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Juries Threatened by Sinking Economy

The economy is making it harder for the courts to find willing jurors, reports the Connecticut Law Tribune. Increasingly, prospective jurors are expressing concern that taking too much time off from work for jury duty might mean losing their jobs. And even where potential jurors are unemployed, they're still worried that jury duty could interfere with their job search.

In most cases, both plaintiff and defense attorneys who learn of juror concern over jobs voluntarily excuse them without question. After all, having a juror who's preoccupied with other matters or who's so eager to finish a case that he won't seriously deliberate can prove damaging to both plaintiffs and defendants alike. But because fewer individuals are willing to serve as jurors, jury selection is taking longer. Growing juror impatience may also lead lawyers to try cases differently. For example, the article notes that many jurors aren't willing to sit through four- or five-hour direct examinations, so in order to hold their attention, lawyers will need to come up with a more efficient approach to elicit evidence. But that's not such a bad thing, is it?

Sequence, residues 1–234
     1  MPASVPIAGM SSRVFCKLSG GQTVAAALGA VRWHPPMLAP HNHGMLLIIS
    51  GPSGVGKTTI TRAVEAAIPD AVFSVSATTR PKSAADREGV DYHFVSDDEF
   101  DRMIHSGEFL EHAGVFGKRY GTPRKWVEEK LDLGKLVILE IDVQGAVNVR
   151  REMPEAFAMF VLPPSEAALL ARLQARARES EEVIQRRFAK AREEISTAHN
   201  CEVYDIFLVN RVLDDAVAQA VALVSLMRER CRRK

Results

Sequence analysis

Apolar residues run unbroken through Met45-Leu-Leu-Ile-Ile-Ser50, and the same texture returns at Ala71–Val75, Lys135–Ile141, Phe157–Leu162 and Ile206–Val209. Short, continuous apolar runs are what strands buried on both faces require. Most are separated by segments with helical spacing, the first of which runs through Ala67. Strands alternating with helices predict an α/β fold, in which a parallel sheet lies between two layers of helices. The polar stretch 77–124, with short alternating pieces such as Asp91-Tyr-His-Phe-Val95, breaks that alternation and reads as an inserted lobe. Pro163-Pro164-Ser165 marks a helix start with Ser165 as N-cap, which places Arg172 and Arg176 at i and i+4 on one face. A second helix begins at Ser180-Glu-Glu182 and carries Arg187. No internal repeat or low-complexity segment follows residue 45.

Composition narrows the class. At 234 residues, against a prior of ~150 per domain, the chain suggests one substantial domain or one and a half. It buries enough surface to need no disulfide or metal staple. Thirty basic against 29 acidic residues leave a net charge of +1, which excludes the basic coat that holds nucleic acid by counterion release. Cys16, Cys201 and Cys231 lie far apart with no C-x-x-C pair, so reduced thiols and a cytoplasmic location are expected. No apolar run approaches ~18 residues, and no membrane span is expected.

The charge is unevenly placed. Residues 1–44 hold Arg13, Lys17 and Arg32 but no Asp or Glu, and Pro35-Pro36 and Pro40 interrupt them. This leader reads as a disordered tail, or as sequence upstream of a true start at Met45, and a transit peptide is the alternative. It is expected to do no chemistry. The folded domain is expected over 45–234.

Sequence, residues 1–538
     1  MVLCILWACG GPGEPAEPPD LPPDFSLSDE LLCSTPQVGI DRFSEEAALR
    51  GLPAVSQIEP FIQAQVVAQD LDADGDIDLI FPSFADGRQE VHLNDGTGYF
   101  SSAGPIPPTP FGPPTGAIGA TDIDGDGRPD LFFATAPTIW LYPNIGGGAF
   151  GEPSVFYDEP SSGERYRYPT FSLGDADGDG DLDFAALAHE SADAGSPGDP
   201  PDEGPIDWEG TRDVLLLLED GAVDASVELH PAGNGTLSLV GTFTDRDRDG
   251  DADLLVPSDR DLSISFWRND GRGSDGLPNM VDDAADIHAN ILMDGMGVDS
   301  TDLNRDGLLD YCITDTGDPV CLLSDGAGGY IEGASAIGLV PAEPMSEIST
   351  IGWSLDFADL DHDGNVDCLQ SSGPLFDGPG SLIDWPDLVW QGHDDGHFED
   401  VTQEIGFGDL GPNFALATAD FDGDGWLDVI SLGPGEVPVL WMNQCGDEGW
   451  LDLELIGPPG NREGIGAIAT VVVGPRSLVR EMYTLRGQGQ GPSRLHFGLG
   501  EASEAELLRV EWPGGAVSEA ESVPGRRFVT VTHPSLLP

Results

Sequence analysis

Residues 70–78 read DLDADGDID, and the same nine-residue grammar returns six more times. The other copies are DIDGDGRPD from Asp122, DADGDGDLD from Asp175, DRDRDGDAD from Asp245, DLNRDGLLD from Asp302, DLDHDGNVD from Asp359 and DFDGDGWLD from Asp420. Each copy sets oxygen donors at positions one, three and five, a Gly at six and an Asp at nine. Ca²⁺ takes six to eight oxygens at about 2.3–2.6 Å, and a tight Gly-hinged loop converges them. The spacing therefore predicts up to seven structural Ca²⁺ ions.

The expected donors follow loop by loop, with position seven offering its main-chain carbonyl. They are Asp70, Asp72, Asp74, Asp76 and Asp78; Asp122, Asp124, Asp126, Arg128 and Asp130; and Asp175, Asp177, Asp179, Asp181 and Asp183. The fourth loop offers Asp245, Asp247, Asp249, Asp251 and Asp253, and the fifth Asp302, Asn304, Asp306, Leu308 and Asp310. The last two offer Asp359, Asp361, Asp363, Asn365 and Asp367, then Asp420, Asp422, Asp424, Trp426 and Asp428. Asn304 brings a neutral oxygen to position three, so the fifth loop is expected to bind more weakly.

In the meantime, the courts are trying to get the word out to prospective jurors that employers are not allowed to fire them for attending jury duty and are required by Connecticut law to pay an employee for the first five days he or she serves on a jury. After the five days, jurors are paid $50 per day by the state, if employed full-time. If a juror is unemployed or working part-time, the state pays between $20 and $50 per day.

What's your experience? Have you noticed that fewer people are willing to serve on your juries in this economy?

Posted by Carolyn Elefant on April 13, 2009 at 04:13 PM | Permalink | Comments (0)


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